The Ice Fernz have come from diverse walks of life – and through the floodwaters of Cyclone Gabrielle – to reach the ice hockey world champs in Cape Town, Suzanne McFadden discovers.
The women of the Ice Fernz are not to be trifled with on or off the ice.
Take Bella Vogel as a perfect example. She walked through knee-deep floodwater and mud, lugging her brand new ice hockey gear, to join the New Zealand team who flew out of Auckland to Cape Town on Tuesday night.
A late call-up to the team travelling to next week’s world ice hockey championships, Vogel was trapped at Bethells Beach during the peak of Cyclone Gabrielle’s fury. With the help of her dad and a fire fighter, she walked several kilometres to get to safety.
“It just goes to show the resolve of these women,” Ice Fernz coach Jeff Boehme says.
Bella Vogel walked through landslips and floodwaters to join her Ice Fernz team-mates
Their day jobs reaffirm that.
Dr Helen Murray, the former captain of the Ice Fernz, is a highly-regarded neuroanatomist who studies a form of dementia associated with repeated head injuries.
The Ice Fernz new captain, Jaime Jones, is on the path to becoming an apprentice electrician.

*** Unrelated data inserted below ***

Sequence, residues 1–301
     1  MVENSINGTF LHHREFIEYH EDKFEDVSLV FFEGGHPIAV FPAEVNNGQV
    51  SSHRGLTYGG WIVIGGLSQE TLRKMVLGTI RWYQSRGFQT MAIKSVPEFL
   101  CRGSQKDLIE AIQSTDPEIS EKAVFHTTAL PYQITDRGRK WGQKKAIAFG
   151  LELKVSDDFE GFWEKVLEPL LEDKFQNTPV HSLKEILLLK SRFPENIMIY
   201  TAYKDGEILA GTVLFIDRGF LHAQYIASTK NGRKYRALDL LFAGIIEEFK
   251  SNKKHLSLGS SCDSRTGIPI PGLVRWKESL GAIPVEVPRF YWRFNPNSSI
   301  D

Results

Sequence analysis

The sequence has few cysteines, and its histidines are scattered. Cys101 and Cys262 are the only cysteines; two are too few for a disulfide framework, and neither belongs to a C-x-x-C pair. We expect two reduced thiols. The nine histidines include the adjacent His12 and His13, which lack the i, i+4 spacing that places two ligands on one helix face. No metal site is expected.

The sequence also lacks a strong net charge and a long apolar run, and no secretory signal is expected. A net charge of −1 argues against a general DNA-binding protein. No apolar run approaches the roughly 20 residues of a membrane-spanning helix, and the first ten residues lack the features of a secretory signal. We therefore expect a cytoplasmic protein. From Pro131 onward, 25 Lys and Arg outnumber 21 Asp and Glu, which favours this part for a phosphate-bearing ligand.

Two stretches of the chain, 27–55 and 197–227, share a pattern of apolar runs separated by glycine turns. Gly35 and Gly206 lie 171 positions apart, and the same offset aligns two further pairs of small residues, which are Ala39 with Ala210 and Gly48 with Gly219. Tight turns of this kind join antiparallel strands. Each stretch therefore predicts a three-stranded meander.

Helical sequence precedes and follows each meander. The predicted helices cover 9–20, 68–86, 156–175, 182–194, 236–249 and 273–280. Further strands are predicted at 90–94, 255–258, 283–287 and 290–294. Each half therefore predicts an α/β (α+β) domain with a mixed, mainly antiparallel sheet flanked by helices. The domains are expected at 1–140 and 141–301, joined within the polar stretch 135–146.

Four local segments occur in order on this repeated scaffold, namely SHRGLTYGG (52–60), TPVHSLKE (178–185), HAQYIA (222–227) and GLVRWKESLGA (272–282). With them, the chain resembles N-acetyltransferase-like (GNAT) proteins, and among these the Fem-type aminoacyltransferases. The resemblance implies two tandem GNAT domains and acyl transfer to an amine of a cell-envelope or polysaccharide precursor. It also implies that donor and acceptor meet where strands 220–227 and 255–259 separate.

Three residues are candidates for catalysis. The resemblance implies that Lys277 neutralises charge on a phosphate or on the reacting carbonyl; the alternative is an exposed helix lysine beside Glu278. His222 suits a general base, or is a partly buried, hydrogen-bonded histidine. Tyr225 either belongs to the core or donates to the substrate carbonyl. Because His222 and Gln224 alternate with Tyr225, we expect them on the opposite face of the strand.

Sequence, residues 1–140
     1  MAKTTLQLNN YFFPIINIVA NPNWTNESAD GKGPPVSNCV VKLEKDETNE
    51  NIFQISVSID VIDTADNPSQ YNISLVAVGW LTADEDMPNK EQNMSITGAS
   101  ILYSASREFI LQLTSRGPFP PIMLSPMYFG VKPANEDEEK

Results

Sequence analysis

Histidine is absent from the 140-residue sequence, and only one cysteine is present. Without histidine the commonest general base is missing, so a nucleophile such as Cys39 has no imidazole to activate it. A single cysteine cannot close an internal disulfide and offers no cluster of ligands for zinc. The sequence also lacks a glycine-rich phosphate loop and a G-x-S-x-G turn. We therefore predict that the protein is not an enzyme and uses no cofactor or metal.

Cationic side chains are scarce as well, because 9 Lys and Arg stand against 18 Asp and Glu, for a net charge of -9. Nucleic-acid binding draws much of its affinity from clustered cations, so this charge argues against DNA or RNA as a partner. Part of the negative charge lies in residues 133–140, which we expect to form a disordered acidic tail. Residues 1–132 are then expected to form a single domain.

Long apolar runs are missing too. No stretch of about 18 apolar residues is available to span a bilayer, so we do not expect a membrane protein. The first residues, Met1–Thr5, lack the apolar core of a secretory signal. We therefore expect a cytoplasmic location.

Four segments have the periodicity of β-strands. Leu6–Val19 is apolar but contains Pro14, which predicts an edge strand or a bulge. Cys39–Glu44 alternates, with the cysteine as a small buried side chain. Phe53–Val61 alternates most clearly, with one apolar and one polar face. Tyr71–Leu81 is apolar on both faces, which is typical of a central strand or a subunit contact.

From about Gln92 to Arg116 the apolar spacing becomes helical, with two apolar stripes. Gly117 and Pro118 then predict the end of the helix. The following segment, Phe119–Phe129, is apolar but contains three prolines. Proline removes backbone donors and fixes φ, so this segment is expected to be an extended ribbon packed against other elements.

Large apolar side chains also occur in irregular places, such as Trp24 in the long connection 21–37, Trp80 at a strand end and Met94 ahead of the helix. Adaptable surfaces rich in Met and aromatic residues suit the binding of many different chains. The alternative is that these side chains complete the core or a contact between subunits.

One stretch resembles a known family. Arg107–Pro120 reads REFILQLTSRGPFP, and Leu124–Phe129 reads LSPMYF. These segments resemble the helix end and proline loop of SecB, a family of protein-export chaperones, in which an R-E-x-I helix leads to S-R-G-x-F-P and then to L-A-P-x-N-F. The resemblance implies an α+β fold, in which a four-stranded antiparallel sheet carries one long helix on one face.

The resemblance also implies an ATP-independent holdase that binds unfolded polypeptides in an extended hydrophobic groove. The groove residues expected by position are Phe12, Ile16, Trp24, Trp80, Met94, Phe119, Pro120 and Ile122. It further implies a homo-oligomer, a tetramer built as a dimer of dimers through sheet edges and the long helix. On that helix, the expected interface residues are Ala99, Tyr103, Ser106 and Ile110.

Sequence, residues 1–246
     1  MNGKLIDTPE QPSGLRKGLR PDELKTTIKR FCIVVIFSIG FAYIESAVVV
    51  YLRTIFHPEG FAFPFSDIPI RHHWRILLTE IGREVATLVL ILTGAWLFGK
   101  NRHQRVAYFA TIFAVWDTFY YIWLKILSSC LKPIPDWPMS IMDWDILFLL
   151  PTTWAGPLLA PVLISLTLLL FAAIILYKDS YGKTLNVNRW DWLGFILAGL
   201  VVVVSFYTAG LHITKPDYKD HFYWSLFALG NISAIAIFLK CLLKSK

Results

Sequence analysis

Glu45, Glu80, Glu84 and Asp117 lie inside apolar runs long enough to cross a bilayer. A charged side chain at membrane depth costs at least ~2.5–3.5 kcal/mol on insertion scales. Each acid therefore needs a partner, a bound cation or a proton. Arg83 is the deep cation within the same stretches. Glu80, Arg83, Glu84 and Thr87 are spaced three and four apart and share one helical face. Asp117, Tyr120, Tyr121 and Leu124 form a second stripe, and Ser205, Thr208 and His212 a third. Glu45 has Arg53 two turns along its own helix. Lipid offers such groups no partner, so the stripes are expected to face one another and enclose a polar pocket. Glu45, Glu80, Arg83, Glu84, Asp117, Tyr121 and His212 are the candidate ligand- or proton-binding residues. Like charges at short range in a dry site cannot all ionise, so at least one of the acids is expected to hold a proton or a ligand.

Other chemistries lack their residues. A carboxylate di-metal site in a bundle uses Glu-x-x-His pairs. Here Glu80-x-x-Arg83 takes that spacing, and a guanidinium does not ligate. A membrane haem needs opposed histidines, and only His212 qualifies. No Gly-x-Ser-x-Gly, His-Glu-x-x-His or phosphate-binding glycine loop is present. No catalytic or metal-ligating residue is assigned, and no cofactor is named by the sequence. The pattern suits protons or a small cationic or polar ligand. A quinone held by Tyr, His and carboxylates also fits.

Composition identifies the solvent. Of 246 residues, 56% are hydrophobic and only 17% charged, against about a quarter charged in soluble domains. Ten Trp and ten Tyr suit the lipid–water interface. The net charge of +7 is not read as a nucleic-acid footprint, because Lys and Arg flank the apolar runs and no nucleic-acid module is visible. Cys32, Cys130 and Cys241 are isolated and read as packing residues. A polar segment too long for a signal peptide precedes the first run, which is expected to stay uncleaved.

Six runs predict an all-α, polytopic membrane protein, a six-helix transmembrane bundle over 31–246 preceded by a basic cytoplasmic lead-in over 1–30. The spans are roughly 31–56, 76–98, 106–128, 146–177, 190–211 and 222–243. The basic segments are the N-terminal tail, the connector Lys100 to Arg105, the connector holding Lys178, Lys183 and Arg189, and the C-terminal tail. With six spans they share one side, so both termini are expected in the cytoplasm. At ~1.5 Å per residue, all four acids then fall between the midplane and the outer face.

Defender turned attacker Rikki-Lee McLean is a full-time firefighter, who helped with the clean-up after Auckland’s atrocious flooding.
Anjali Mulari is a Hamilton policewoman, specialising in fingerprint analysis. Already an eight-time world championship veteran, she’s just returned to the ice after having two children.
And Rebecca Lilly, from Gore, now lives in Austria playing in the European Women’s Hockey League.
There’s also a nurse and a fitness guru among the team bound for the IIHF division II group B world championships
Boehme says they’re quite an eclectic bunch, which is “definitely a good thing”.
“As amateurs, where they don’t get paid to play, they always bring so much passion with them,” the French-born coach says.
“Some of them from a financial point of view have put hockey first in their lives. We have a few veterans who say they’d have a house deposit by now if they weren’t playing.
“And all coming from very different careers, they have a lot of respect for each other. So they know what it takes to play for their country. They’re a pretty amazing group of women.”
It’s been three years since the Ice Fernz last played in international competition; in a pandemic-interrupted world, New Zealand Ice Hockey decided to withdraw the team from the world championships in 2021 and 2022.